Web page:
The pubs are Ye Olde Golf Tavern, Bennets, Bar Oz, Livingroom, Finnigan’s Wake, Royal Mile Tavern, Biddy Mulligan’s, Maggie Dickson’s, Beehive Inn, and The Old Fire Station.
This is so much fun and an excellent way to mingle with the locals. If you’re not a big drinker, stick to half-pints. We actually finished the crawl over the course of 2days because day one was interrupted by a rugby team from Coventry, England, that we met at the Beehive Inn. They took us to a club one the other side of the street called Espionage.
Side note: Even if you’re not a big clubber (and I’m not), Espionage is worth checking out. The whole place has a spy/James Bond theme. It has three levels: one is a low-key pub level, and another is a frenetic dance club down in the basement. I don’t know what the third is because we only went to two of them. The pub is very chill and dimly lit, with a lot of dark wood. The club was packed tight with bodies and was designed to look like a cave. It was cool but so full and the ceiling is quite low, so I felt uncomfortable and claustrophobic. It was a Friday night over Easter break weekend, so that may be part of the reason it was so packed. Even though it was really full, we only had to wait to get in about 20 minutes.
Downtown Ale Trail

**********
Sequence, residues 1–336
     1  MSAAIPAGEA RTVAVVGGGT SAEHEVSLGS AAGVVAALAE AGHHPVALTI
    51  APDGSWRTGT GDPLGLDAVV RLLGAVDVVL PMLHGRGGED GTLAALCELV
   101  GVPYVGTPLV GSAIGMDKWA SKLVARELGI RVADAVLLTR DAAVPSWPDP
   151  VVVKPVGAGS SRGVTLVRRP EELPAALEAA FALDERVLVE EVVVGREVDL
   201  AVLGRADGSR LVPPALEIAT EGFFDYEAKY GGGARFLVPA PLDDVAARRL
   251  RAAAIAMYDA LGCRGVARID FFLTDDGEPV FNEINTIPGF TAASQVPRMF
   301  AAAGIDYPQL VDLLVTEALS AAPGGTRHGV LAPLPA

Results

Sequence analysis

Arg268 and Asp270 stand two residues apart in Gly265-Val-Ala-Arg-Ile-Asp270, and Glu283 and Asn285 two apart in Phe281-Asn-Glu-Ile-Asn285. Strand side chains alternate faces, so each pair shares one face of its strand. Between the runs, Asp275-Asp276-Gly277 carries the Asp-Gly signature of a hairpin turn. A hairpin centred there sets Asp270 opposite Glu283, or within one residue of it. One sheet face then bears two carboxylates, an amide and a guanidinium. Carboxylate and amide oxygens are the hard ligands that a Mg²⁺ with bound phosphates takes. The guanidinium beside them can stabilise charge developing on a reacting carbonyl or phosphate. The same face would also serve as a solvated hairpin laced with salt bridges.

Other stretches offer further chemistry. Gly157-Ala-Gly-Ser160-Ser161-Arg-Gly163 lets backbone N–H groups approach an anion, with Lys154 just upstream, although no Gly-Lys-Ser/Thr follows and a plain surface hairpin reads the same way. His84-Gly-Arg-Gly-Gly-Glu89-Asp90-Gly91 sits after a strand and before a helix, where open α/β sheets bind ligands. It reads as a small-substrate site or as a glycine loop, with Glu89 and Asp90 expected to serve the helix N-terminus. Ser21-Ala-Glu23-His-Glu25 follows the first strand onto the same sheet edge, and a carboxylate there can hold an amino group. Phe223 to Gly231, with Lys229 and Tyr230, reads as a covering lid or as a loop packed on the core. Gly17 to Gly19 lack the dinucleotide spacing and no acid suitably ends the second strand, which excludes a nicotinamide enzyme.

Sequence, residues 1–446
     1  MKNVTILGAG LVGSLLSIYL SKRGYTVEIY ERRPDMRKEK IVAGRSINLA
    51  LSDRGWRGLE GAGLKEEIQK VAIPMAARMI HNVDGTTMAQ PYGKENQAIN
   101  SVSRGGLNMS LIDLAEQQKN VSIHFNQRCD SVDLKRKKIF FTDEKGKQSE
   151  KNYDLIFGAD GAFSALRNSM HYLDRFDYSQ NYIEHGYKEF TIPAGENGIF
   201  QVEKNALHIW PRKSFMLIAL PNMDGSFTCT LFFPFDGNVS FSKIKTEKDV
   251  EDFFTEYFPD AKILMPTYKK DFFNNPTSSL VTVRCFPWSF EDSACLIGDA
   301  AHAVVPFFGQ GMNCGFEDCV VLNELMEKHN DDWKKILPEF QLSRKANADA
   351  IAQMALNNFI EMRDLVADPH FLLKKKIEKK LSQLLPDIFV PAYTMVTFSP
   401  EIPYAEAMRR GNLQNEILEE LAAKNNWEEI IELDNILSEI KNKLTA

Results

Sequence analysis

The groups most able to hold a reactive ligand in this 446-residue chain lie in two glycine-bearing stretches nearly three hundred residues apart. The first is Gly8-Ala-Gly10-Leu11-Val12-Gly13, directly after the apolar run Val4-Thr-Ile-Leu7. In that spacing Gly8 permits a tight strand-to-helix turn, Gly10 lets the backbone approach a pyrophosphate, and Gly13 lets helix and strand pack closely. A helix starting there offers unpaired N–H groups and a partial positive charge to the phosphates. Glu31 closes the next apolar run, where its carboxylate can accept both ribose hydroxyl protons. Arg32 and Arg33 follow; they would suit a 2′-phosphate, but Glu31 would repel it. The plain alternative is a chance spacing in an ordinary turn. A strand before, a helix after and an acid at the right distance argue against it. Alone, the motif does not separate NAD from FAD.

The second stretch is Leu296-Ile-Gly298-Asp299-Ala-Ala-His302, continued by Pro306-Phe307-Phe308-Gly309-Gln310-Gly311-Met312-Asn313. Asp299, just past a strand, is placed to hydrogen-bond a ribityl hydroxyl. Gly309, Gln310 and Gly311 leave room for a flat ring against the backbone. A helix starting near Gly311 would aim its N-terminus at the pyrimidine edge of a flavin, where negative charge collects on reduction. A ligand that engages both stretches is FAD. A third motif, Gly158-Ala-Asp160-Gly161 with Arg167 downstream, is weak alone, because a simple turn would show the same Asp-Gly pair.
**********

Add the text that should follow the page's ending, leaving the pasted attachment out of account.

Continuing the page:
Various pubs around town
We stumbled into Stirling Castle very early Easter Sunday and immediately went to the Costa Coffee shop situated the lower level. That's right, in the middle of an imposing, and breathtaking castle there is a chain coffee shop. Regardless, I was grateful for the coffee. Stirling is a much more comfortable castle. That may not make too much sense, but I found it to be a lot less overwhelming than others. Edinburgh Castle is just daunting, there's no way to see it all, but Stirling is doable.
We wandered throughout the castle and saw most of it in about an hour. The views are amazing: just green and lush and wonderful. It was still early, so there was a nice mist hanging over everything, and it felt quiet and peaceful. From one side of the castle, we could see the William Wallace Monument, stark and imposing on its hilltop.
Apparently, in the kitchen, there are some freaky mannequins that the British seem to like to put in castles, but we decided not to see them. The rooms that are in every castle--great hall, chapel, etc.--were pretty standard. They're impressive, but a great hall is always impressive and rarely unique. After puttering around the castle for a while, we went out to what I guess is the backyard. There are stone paths and the softest grass I've ever rolled around in. I rolled in the grass, and it was great.
The whole experience there just made me feel impish. Maybe we were just overly tired, but it was something else too. Some attractions just wear a person out; you feel validated for seeing them but exhausted. Stirling Castle invigorated me. I felt privileged that I was allowed to see something so beautiful, and it gave the rest of my day a glow.
Fargo, North Dakota